In my last post I mentioned my Dad, and then just this morning he sent me an article from the New York Times that got me thinking more about the relationship between for-profit corporations and nonprofit organizations in terms of measuring and reporting on social impact. The article, titled “Philanthropists Start Requiring Management Courses to Keep Nonprofits Productive,” raises the issue that is no small surprise: that many nonprofits are inefficient because they are run inefficiently. This can be due in no small part to lack of resources – specifically lack of money. But an incredibly important lesson I have learned in life is that just because you don’t have the funds, doesn’t mean you can’t accomplish everything you want to and more, and eventually the funds will come to you. All you really need is passion and hard work.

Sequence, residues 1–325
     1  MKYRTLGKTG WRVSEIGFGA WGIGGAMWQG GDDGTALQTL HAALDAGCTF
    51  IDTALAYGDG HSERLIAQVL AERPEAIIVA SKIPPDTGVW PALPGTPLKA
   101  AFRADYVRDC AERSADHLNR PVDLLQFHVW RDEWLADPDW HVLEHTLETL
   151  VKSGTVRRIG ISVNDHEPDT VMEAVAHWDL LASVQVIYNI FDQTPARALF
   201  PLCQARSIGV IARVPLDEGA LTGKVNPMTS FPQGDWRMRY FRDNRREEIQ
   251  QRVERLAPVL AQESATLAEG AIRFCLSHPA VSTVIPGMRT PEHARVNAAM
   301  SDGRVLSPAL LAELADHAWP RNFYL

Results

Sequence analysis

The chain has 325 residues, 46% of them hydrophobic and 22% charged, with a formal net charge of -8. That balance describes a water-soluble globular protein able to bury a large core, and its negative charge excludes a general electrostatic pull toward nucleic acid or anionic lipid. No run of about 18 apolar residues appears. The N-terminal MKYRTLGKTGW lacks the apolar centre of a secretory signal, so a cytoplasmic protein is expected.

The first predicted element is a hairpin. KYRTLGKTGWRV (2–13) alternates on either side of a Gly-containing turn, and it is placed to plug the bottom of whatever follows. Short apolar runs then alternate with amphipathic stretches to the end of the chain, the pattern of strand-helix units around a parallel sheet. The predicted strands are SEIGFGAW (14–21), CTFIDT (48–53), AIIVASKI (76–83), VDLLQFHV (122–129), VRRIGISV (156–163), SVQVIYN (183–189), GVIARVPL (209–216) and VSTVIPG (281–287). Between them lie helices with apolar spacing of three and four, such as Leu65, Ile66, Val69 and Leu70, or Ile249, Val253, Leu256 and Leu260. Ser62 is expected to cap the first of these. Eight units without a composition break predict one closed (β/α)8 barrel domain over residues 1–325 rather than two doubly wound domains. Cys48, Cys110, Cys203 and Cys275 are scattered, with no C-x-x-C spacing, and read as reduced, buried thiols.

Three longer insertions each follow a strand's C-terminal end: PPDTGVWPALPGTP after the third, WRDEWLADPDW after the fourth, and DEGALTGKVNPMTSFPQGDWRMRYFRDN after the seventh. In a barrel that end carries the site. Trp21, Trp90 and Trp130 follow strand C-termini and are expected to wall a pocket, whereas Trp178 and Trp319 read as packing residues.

Part of that hard work for nonprofits, say Pierre M. Omidyar (found of eBay) and Peter B. Lewis (Chairman of Progressive Insurance), is learning management skills. But there seems to be a widely accepted skepticism in the public sector and among nonprofit leaders about accepting anything but donations from any person or corporation in the private sector. Mr. Lewis was quoted as saying that “[p]retty early on, I realized that when I asked these organizations about management, the response I usually got was, ‘That’s business and we’re not a business. ” Luckily, we have many people working to break down the walls between the two sectors to work together for positive social impact.
So, what can nonprofits and corporations learn from each other about measuring and reporting social impact? Tons, I think!! The article really only makes mention of how successful business people can help nonprofit leaders, but businesses that are only measuring their financial bottom lines are still making some kind of impact on society. I want to convince all organizations to be measuring and reporting on their social impact.
Can anyone share an example of how a for-profit corporation got help from a nonprofit in understanding and appreciating their social impact?
Bonus: Here’s another funny management cartoon I found for this post: